Wealthy Donors Gave 28 Percent More in 2013 Than in 2011, Study Finds

High-net-worth households in the United States boosted their charitable giving in 2013 by 28.1 percent from 2011 levels, a biennial report from U.S. Trust and the Indiana University Lilly Family School of Philanthropy finds.

Based on a survey of 632 households with a net worth of at least $1 million (excluding the value of their home) or an annual household income of at least $200,000, the 2014 U.S. Trust Study of High Net Worth Philanthropy (89 pages, PDF) found that 98.4 percent of respondents donated to charity in 2013, up from 95.4 percent in 2011 and the highest rate since the survey was initiated in 2006. The report also found that while the average amount donated rose from $53,519 in 2011 to $68,580 in 2013, average giving as a percentage of household income continued its downward trend, falling from 8.7 percent to 7.8 percent, as increases in income outpaced those in giving levels.

In addition, the survey found that 85 percent of high-net-worth donors planned to give as much (50 percent of respondents) or more (35 percent of respondents) in the next three to five years than they have in the past, up from 76 percent who said they planned to give as much (52 percent) or more (24 percent) when asked the question in 2012. The most commonly cited reasons for increasing their giving were "increased financial capacity" (85 percent) and the "perceived need of the nonprofits or causes" they support (48 percent). Among issue areas, 85 percent of high-net-worth donors responding to the survey gave to education, which also received the largest share of total dollars (27 percent) — and more than religion, the environment, the arts, basic needs, and international causes received combined.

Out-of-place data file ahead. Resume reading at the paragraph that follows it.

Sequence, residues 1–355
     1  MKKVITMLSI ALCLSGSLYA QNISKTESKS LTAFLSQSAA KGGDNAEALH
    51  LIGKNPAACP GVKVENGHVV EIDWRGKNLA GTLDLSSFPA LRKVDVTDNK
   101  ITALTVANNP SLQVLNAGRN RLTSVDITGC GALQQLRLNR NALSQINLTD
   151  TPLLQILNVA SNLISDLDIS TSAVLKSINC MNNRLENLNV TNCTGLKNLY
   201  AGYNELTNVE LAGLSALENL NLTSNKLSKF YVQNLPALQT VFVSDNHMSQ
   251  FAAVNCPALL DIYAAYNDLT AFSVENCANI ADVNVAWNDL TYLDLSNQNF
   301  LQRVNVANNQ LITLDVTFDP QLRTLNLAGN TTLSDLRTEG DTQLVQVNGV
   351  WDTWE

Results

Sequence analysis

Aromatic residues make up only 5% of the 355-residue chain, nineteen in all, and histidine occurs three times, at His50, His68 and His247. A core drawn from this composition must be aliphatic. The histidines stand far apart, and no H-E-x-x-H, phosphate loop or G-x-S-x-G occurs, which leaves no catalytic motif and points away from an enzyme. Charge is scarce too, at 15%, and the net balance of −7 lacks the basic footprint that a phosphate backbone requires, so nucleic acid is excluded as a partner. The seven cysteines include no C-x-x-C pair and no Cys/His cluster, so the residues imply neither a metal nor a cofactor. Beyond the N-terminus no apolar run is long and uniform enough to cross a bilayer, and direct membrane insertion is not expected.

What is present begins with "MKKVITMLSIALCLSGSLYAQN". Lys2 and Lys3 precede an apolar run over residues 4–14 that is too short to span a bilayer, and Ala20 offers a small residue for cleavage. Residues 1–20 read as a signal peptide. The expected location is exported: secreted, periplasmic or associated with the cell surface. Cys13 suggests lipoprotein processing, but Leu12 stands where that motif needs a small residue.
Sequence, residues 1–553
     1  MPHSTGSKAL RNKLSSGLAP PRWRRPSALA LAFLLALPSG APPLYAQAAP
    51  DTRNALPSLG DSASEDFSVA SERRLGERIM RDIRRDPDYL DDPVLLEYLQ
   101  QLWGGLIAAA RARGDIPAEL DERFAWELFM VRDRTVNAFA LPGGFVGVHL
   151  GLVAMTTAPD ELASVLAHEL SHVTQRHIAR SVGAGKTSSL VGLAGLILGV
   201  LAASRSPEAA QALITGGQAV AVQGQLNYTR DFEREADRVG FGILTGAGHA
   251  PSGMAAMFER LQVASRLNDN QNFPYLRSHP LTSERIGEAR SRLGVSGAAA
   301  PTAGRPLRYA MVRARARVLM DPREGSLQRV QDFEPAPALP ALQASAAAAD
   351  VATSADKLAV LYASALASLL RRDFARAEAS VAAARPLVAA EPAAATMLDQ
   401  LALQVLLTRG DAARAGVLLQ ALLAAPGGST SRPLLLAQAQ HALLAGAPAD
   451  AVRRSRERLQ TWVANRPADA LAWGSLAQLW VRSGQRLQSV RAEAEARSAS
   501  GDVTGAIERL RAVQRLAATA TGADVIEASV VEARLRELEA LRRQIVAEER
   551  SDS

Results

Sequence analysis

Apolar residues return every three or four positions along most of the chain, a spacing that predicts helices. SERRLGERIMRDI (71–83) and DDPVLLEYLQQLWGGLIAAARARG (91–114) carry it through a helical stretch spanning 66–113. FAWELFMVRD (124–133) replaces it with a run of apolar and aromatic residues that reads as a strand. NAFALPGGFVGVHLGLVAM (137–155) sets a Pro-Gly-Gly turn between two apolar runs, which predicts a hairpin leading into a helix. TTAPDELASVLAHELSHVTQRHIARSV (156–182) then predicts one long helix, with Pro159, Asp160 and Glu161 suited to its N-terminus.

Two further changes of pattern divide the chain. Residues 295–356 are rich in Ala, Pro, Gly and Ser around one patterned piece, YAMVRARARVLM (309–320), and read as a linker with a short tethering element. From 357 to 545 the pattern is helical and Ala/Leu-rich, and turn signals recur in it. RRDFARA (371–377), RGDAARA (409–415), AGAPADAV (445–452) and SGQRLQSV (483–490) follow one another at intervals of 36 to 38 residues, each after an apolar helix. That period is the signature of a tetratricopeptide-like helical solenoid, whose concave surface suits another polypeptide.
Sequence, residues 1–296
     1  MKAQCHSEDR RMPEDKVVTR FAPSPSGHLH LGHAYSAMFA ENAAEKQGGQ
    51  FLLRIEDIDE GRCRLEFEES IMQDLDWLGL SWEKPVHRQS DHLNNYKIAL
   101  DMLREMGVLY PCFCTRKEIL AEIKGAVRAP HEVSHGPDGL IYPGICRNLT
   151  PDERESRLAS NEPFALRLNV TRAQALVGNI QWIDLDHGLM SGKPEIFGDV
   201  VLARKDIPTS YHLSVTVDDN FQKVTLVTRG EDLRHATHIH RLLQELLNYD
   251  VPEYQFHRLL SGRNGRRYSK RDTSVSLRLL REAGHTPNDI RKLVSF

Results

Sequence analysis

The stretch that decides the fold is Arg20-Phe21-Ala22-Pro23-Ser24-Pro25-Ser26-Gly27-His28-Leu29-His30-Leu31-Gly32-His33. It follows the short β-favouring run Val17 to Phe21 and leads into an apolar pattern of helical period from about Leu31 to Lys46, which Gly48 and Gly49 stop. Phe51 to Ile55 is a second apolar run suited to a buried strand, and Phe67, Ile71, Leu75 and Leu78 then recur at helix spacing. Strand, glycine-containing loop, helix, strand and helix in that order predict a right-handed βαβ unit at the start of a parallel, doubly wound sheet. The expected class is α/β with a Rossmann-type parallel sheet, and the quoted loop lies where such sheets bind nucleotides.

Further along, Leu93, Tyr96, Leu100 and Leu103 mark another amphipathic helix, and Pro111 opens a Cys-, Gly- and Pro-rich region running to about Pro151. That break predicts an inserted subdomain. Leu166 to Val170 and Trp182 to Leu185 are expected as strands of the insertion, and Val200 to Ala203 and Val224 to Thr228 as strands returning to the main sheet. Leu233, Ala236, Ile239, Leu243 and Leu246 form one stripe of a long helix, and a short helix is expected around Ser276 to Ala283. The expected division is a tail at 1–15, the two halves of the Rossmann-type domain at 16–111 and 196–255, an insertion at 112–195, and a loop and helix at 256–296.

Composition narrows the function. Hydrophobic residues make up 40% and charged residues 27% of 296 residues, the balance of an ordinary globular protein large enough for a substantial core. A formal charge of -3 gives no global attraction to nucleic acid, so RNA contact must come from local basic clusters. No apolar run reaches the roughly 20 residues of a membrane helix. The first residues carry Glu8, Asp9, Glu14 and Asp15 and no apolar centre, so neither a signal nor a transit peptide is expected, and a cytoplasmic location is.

According to the report, wealthy households indicated that their main reasons for giving were believing that their gift can make a difference (74 percent), personal satisfaction (73 percent), supporting the same causes annually (66 percent), giving back to the community (63 percent), and serving on a nonprofit organization's board or volunteering for a nonprofit (62 percent). Only 34 percent cited tax advantages as their chief motivation for giving. In addition, 73 percent of those surveyed said they have a specific strategy in place to guide their charitable giving, with 93 percent giving to a targeted set of organizations based on geography or a specific cause or issue and 57 percent using giving vehicles. The survey also found that households with a net worth below $1 million were less likely to have or plan to use a giving vehicle (31 percent) compared to those with a net worth between $1 million and 5 million (51 percent) and $5 million or more (69 percent).

"This year's study, more than ever, tells us that when wealthy donors are intentional about and engaged in their giving — when they find that meaningful intersection between their ideas and ideals — they give more, are more impactful, and more personally fulfilled," said Claire Costello, national philanthropic practice executive for U.S. Trust.

"2014 U.S. Trust Study of High Net Worth Philanthropy Finds 28 Percent Increase in Charitable Contribution." Indiana University Lilly Family School of Philanthropy Press Release 10/21/2014.